Among the first children Anna Freud took into analysis were those of Dorothy Burlingham. In 1925 Burlingham, heiress to the Tiffany luxury jewellery retailer, had arrived in Vienna from New York with her four children and entered analysis firstly with Theodore Reik and then, with a view to training in child analysis, with Freud himself. Anna and Dorothy soon developed “intimate relations that closely resembled those of lesbians”, though Anna “categorically denied the existence of a sexual relationship”. After the Burlinghams moved into the same apartment block as the Freuds in 1929 she became, in effect, the children’s stepparent.
'Her views on child development, which she expounded in 1927 in her first book, An Introduction to the Technique of Child Analysis, clashed with those of Melanie Klein...[who] was departing from the developmental schedule that Freud, and his analyst daughter, found most plausible'. In particular, Anna Freud's belief that 'In children's analysis, the transference plays a different role... and the analyst not only "represents mother" but is still an original second mother in the life of the child' became something of an orthodoxy over much of the psychoanalytic world.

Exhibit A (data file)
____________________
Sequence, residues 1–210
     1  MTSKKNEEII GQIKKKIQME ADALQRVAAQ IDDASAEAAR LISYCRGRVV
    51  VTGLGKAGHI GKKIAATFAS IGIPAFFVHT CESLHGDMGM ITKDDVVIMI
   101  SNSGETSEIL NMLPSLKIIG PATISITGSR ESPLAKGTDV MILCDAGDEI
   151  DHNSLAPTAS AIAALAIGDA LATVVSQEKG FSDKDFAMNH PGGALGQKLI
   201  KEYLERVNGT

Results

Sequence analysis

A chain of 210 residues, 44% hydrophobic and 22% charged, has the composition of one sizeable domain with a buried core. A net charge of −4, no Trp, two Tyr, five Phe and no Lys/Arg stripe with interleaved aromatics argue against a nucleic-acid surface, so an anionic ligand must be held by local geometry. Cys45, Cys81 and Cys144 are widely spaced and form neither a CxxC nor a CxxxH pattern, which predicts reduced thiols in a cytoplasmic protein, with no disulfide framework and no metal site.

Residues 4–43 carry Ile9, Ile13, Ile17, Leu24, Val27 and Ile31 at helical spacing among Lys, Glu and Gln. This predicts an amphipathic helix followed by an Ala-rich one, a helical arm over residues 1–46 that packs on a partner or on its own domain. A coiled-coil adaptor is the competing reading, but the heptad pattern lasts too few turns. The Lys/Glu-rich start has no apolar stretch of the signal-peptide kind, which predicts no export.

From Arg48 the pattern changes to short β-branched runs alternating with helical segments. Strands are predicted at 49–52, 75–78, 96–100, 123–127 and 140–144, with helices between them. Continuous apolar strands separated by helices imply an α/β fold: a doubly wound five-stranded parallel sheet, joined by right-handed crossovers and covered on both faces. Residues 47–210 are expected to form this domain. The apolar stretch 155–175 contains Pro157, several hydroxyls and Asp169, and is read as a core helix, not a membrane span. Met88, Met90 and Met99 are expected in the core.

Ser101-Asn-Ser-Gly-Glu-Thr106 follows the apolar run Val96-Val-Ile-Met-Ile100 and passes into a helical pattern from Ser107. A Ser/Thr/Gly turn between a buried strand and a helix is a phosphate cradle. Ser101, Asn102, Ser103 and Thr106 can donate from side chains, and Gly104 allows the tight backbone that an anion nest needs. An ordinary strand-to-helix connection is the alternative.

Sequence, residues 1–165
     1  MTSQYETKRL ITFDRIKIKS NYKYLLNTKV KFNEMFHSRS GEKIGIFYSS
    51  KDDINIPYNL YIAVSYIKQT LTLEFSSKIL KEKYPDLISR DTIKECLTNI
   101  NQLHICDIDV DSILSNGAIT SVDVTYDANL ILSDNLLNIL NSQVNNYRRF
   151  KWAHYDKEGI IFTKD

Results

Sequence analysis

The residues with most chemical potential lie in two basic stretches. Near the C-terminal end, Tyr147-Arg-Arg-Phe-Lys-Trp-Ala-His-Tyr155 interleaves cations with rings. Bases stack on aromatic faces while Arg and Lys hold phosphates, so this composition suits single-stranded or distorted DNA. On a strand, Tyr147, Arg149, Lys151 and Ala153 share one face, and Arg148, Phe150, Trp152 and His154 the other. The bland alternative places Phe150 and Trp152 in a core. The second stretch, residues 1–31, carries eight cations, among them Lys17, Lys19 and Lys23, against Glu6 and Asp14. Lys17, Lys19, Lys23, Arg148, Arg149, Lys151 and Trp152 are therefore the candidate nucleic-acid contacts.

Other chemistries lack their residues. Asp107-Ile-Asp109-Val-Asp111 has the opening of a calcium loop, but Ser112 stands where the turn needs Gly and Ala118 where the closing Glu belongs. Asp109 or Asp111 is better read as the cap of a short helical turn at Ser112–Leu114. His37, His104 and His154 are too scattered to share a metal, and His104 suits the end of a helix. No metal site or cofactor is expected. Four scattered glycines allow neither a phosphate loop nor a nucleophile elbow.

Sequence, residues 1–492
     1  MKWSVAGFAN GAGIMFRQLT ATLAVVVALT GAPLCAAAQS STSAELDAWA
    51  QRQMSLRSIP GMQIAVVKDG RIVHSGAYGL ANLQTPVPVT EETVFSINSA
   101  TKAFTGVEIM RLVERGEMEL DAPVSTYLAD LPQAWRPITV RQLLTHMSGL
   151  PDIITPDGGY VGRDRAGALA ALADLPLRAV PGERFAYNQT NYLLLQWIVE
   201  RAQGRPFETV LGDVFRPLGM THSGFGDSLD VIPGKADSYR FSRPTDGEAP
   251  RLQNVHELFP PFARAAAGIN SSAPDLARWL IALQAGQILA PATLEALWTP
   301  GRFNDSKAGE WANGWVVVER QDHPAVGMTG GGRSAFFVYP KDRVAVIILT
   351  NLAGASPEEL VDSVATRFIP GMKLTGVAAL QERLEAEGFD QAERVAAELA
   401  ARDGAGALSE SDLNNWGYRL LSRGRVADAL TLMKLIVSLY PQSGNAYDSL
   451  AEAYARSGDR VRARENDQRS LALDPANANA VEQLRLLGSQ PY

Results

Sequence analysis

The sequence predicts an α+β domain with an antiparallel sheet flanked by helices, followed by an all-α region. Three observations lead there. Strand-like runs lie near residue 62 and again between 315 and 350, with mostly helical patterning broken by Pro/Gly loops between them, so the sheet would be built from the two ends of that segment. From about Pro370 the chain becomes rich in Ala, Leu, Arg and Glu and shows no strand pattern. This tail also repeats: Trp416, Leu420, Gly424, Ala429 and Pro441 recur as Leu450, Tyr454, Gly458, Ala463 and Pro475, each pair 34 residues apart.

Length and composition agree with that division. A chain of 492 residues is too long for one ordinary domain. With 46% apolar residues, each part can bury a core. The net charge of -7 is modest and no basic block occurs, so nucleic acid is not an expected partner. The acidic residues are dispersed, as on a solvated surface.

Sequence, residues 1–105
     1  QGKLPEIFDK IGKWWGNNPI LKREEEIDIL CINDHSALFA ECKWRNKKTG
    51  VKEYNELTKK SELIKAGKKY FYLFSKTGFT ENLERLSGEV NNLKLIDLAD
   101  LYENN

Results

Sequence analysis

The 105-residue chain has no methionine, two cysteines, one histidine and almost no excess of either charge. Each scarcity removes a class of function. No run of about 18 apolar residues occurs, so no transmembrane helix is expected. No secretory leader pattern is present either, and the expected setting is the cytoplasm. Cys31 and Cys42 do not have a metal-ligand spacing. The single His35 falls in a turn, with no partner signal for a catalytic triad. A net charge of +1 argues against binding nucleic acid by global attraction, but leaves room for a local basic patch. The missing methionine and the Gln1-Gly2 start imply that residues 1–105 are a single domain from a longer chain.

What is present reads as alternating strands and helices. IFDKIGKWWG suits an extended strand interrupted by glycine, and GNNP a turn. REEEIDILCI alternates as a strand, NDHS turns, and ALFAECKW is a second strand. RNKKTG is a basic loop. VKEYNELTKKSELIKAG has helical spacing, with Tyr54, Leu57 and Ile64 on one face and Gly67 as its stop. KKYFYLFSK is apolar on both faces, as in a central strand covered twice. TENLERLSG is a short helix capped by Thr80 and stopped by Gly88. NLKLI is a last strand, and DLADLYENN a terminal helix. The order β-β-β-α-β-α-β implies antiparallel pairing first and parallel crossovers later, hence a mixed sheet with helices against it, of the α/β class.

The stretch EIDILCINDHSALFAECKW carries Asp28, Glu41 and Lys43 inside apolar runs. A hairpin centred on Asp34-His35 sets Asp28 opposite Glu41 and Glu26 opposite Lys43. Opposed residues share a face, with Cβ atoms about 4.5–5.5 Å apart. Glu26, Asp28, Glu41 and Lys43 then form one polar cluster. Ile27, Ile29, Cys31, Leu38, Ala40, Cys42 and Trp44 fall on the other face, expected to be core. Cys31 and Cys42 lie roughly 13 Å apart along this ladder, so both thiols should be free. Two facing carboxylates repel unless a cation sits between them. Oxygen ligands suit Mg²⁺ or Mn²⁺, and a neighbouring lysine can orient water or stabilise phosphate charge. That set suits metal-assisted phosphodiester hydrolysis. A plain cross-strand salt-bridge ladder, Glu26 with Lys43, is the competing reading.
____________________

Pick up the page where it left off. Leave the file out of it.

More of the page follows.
For her next major work in 1936, her 'classic monograph on ego psychology and defense mechanisms, Anna Freud drew on her own clinical experience, but relied on her father's writings as the principal and authoritative source of her theoretical insights'. Here her 'cataloguing of regression, repression, reaction formation, isolation, undoing, projection, introjection, turning against the self, Reversal and sublimation' helped establish the importance of the ego functions and the concept of defence mechanisms, continuing the greater emphasis on the ego of her father – 'We should like to learn more about the ego' – during his final decades.
In 1938, following the Anschluss in which Nazi Germany occupied Austria, Anna was taken to Gestapo headquarters in Vienna for questioning on the activities of the International Psychoanalytical Association. Unknown to her father she and her brother Martin had obtained Veronal from Max Schur, the family Doctor, in sufficient quantities to commit suicide if faced with torture or internment. In the event, she survived her interrogation ordeal and returned to the family home. After her father had reluctantly accepted the urgent need to leave Vienna, she set about organising the complex immigration process for the family in liaison with Ernest Jones, the then President of the International Psychoanalytical Association, who secured the immigration permits that eventually led to the family establishing their new home in London at 20 Maresfield Gardens, Hampstead.